Toronto

What you need to know about Doug Ford's contentious plan for transit in the GTA

Ontario Premier Doug Ford has finally unveiled his much-touted, $28.5-billion plan for new transit infrastructure in the Greater Toronto Area. There are still many questions left to be answered about funding, planning and timelines.

New lines, which extend the TTC system, go further than those proposed by City of Toronto

The province says the Toronto Transit Commission would retain the day-to-day operations of the subway, buses, and street cars, and the city would keep fare box revenue. (David Donnelly/CBC)

Ontario Premier Doug Ford has finally unveiled his much-touted, $28.5-billion plan for new transit infrastructure in the Greater Toronto Area.

There are still many questions left to be answered about funding, planning and timelines following a vague roll-out of the proposals. However, the province says it wants to build:

  • A new 15-kilometre "Ontario Line," which would replace the City of Toronto's plan for a downtown relief line.
  • A three-stop Scarborough subway extension.
  • A Yonge-North subway extension that would connect Line 1 to Richmond Hill.
  • A westward extension to the Eglinton Crosstown West, part of which would be built underground.

According to Ford, the province will spend $11.5 billion on the four projects, leaving nearly $17 billion unaccounted for. It's not clear how much the federal government may be willing to commit or how the City of Toronto and York Region will come up with their portion of the funds. Toronto has already sunk some $200 million into various projects that will be affected by the province's plans.

The province did say, however, that it has allocated funding allotments based on an assumption that Ottawa will cover up to 40 per cent of the costs of new builds.

Ontario Line

This project would intersect Line 1 and connect Ontario Place to the Ontario Science Centre. Starting from Ontario Place, the "free-standing" light rail line would go to Osgoode and Queen stations, then to a new East Harbour stop. From there, it would head north to Pape station, before travelling still further north to the Science Centre. It would also connect to the Eglinton Crosstown LRT.

The line will be built mostly underground, the province says, though some stretches may be aboveground. 

The Ontario Line is intended to replace the original Downtown Relief Line that has already been planned and approved by the City of Toronto, but would be double its length. The province said the line would divert up to 9,000 transit riders from Line 1 during weekday peak hours and about 55,000 in total on weekdays.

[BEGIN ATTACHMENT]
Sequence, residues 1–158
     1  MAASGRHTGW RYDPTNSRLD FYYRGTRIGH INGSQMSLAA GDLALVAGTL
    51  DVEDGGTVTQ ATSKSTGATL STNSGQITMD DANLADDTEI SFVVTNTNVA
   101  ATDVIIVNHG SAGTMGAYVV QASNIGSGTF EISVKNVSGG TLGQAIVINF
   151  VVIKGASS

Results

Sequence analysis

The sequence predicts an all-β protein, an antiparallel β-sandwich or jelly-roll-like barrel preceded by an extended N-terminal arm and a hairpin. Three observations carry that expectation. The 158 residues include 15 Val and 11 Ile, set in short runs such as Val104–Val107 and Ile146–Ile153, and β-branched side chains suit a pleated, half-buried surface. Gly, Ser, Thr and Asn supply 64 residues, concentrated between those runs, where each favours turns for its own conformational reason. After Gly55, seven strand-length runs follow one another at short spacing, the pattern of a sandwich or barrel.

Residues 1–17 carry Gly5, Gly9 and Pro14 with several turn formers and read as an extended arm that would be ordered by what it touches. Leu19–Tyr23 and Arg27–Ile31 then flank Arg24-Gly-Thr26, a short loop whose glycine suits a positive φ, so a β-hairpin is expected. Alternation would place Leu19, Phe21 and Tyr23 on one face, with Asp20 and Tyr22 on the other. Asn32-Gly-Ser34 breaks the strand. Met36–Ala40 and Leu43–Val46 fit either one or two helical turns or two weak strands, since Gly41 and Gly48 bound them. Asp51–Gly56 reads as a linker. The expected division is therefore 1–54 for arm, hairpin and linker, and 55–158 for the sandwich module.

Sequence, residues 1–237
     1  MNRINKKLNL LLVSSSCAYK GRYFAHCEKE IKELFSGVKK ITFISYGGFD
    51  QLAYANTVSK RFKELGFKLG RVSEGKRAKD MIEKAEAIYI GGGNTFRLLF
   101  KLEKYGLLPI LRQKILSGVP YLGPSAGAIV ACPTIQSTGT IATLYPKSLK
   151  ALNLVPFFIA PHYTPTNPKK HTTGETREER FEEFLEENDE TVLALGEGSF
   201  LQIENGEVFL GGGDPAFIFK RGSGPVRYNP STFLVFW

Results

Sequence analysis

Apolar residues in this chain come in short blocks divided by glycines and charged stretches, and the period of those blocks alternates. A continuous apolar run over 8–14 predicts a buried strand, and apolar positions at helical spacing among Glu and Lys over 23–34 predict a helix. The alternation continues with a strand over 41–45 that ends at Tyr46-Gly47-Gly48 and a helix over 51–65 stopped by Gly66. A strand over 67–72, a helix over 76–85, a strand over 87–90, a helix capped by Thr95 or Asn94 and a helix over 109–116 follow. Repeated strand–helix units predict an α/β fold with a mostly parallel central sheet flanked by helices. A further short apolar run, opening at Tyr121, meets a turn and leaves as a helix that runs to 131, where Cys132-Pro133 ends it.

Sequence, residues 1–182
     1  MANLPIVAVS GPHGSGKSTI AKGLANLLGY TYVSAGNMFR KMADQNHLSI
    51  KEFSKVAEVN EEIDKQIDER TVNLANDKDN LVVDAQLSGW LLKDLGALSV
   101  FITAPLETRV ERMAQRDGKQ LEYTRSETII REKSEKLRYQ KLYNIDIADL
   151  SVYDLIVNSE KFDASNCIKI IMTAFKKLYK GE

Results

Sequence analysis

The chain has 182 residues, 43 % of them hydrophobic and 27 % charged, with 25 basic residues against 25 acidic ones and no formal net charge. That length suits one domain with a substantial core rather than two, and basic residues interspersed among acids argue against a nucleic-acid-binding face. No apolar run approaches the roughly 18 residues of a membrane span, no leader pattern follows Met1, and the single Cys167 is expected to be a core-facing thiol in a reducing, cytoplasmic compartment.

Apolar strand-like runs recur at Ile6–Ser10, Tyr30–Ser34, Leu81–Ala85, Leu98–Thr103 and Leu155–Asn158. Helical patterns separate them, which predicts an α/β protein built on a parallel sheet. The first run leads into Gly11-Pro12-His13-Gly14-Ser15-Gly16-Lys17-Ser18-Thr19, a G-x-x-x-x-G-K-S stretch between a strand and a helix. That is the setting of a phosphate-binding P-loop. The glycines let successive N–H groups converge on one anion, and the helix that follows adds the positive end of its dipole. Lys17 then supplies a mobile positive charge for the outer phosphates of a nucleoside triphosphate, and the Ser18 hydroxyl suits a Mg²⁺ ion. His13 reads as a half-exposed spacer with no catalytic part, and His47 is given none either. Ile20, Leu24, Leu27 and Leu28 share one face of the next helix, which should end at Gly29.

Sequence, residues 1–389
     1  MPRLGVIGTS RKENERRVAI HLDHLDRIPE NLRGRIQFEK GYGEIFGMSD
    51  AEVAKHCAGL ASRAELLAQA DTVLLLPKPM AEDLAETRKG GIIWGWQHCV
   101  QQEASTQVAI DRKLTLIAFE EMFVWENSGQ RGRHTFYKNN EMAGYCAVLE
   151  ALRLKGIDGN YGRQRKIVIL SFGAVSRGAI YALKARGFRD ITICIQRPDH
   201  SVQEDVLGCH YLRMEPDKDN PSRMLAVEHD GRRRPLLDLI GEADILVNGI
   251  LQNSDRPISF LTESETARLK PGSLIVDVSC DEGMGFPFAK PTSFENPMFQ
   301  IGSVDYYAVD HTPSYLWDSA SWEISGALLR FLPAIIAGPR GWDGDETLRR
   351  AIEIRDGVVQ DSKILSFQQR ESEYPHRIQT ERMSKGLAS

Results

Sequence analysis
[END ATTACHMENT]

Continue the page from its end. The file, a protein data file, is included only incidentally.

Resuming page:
According to the province, the Ontario Line will be "independent" of the Toronto Transit Commission (TTC).

Estimated cost: $10.9 billion

Estimated completion date: 2029, though the province says it is possible the project could be finished two years earlier in 2027.

Scarborough Subway Extension

This proposed project is an extension of Line 2 north from Kennedy station, with stops at Lawrence East and Scarborough Town Centre stations before terminating northbound at McCowan station.

The Scarborough subway extension has been deeply controversial among councillors at Toronto city hall. An initial plan for a seven-stop light rail line was scrapped by council under Ford's brother, former Toronto Mayor Rob Ford, in favour of a subway. After a seemingly never-ending debate, the city settled on a one-stop proposal that would have seen Line 2 (Bloor-Danforth) extended to Scarborough Town Centre at a projected cost of $3.9 billion. 

But Ford and Ontario Transportation Minister Jeff Yurek made it clear earlier this year that the province favoured a three-stop plan, with the private sector possibly stepping in to fill a billion-dollar funding gap for the project. However, Ford now says that the province is willing to cover all the costs of the project.

Estimated cost: $5.5 billion

Estimated completion date: 2030, which is notable because the Scarborough RT is expected to be taken off-line around 2026, meaning residents there could face years of bus trips until the subway extension is completed.

The province says that its new Ontario Line will divert some 9000 riders from Line 1 every weekday during peak travel hours. (Albert Leung/CBC)

Yonge-North Subway Extension

This proposed project is an extension of Line 1 from Finch station north to Richmond Hill Centre.

The work would extend Line 1 outside of Toronto city limits to York Region and will be done in conjunction with construction on the new Ontario Line. The province says the Yonge-North Subway Extension would open after the Ontario Line.

Estimated cost: $5.6 billion

Estimated completion date: 2029-2030.

Eglinton Crosstown West Extension

This project is an extension of the Eglinton Crosstown project west into Etobicoke.

The province said it wants this line to provide more service along Eglinton Avenue West to Renforth Drive. It also wants a portion of this extension to be underground, primarily between Royal York Road and Martin Grove Road. Ultimately, the province said it would like to connect this extension to Toronto's Pearson International Airport. 

Estimated cost: $4.7 billion

Estimated completion date: "Before 2031," according to the province. 

Sheppard Subway Extension

The province says it "remains committed" to extending the Sheppard subway line from its current terminus at Don Mills station to McCowan station, where it would meet the Scarborough subway extension. 

No estimate of cost or completion date for the project was provided by the province at its unveiling of the other projects, but a news release said it will "begin exploratory work on cost and completion timelines to lock in the project for a future build date following the completion of the Scarborough Subway Extension" in 2030 or so.

With files from Muriel Draaisma and Lucas Powers

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